The National Labor Relations Commission (NLRC), a quasi-judicial agency attached to the Department of Labor and Employment (DOLE), is mandated to adjudicate labor and management disputes involving both local and overseas workers through compulsory arbitration and alternative modes of dispute resolution.
          With a strategic mission firmly in place, the NLRC embarked on a far-reaching labor and employment agenda in previous years, furthering its efforts to be the pre-eminent government agency which has taken the lead in promoting and maintaining industrial peace based on social justice through economically-viable dispute settlement machinery.
          In coordination with the DOLE, the NLRC is presently implementing the 22-Point Labor and Employment Agenda of President Benigno Simeon C. Aquino, III that includes streamlined procedures, removal of red tape, restoration of integrity and fairness, and a much strengthened arbitration and adjudication system.
          While the NLRC’s two core goals – disposition of labor and management disputes based on social justice and promotion and maintenance of industrial peace – are earnestly being pursued, it continues to adopt innovative policies and practices as well as landmark reform measures to ensure achievement of these goals. Specifically, the NLRC has instituted the following measures, among others: reduction of case resolution to six (6) months in line with Project SpeEd of the DOLE; promulgation of the 2011 NLRC Rules of Procedures, and the 2012 NLRC Sheriffs' Manual on Execution of Judgment; strengthening of mandatory conciliation and mediation process; observance of a Code of Conduct; proper monitoring of allocation and utilization of agency funds in accordance with the principles of zero-based budgeting; and observance of an acceptable level of performance for Commissioners and Labor Arbiters and imposition of sanctions for non-compliance.
         The NLRC has also begun putting in place the Single Entry Approach Desks (SEADs) in compliance with Department Order No. 107-10, Series of 2010 of the DOLE, which mandates a 30-day mandatory conciliation-mediation for all labor and employment cases under the single entry approach (SENA), the reform initiative that seeks to provide a speedy, impartial, inexpensive, and accessible settlement procedure for all cases affecting workers and employers.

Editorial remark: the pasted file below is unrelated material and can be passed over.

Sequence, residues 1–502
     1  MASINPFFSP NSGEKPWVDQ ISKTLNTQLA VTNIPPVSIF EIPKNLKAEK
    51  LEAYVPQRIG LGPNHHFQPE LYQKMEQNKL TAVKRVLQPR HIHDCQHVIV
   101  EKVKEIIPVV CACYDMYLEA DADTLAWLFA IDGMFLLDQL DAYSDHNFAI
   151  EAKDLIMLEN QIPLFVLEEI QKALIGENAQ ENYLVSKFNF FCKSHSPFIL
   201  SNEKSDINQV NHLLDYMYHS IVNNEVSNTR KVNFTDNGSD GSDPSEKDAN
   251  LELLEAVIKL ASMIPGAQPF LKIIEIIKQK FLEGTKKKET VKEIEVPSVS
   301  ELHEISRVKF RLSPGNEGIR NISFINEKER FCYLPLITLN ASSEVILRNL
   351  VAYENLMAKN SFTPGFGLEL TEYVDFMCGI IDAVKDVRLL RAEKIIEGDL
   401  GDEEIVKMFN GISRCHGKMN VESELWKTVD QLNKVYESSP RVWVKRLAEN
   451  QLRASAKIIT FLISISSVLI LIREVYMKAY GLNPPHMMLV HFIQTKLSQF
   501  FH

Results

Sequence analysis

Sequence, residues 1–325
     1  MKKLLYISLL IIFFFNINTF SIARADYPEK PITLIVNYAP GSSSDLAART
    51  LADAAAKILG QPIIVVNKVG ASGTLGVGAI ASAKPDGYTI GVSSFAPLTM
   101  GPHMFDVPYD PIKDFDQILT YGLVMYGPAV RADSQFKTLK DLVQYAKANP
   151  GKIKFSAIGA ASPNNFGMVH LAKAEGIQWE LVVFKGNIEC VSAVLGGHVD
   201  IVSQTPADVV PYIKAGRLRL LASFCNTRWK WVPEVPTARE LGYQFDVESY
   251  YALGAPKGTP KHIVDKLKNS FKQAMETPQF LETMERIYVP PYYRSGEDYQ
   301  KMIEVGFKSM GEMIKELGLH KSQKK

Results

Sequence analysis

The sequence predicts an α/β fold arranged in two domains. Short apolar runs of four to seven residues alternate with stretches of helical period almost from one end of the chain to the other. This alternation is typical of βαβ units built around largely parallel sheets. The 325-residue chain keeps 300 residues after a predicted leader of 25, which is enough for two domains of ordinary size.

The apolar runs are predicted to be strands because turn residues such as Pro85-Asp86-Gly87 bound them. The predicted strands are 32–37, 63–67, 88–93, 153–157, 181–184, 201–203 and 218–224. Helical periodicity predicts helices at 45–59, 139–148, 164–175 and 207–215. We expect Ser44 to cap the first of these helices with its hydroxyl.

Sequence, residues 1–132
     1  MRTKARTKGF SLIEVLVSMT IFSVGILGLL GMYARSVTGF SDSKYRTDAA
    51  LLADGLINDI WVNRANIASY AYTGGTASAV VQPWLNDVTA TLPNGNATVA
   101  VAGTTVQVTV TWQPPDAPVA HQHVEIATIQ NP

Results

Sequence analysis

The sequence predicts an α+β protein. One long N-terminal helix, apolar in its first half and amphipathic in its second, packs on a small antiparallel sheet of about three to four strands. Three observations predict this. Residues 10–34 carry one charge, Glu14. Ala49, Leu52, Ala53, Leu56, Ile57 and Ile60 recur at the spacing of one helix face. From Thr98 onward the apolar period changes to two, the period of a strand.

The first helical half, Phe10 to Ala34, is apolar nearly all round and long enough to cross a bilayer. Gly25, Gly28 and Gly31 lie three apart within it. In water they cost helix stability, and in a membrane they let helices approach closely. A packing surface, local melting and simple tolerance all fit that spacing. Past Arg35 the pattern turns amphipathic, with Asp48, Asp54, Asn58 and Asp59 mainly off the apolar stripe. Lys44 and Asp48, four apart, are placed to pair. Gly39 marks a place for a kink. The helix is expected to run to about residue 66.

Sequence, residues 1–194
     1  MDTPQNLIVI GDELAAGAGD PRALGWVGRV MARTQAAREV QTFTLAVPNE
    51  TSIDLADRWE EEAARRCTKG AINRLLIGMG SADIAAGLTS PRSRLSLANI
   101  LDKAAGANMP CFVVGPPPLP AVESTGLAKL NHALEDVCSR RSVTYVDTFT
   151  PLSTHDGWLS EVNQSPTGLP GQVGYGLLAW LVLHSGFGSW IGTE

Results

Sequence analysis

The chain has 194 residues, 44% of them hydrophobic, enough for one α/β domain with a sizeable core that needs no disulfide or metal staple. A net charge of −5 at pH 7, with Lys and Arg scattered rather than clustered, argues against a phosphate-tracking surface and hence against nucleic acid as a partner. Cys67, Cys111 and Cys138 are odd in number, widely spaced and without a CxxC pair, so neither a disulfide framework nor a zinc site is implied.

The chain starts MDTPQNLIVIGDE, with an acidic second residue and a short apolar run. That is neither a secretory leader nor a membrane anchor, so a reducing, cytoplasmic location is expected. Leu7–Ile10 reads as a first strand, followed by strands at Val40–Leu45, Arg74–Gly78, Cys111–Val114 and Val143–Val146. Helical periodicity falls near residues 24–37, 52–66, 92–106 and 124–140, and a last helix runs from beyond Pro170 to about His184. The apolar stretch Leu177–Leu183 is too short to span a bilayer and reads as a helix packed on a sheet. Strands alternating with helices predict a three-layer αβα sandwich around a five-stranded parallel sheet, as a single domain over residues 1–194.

Since the creation of the NLRC, it has been persistent in pursuing the reforms in labor and employment that will improve the services and address the twin problems of delay in the disposition of cases and perception of graft and corruption. The annual reports of the NLRC will disclose a myriad of accomplishments in the disposition of labor cases. Of significance is the trend of cases received versus cases disposed of within the period of ten (10) years, both in the Commission Proper and in the Regional Arbitration Branches (RABs):
Cases Received and Disposed by the Commission Proper:
Commission Proper Chart
Cases Received and Disposed by the Regional Arbitration Branches (RABs):
RABs Chart
           No less significant, too, is that the NLRC has revised its Rules of Procedure on the Efficiency and Integrity Board (EIB), an impartial oversight monitoring body that pursues measures to eradicate graft and corruption. 
           The extensive campaign instituted by the NLRC in the past years, which has drawn support from both the public and private sectors, made its accomplishments possible. 
           Together with my fellow Commissioners, the Labor Arbiters and the entire NLRC staff, I look forward to working with concerned stakeholders in continuing to promote dynamic industrial peace with transparency, fairness and accountability in these challenging times.

                                                                                                                                                   Gerardo C. Nograles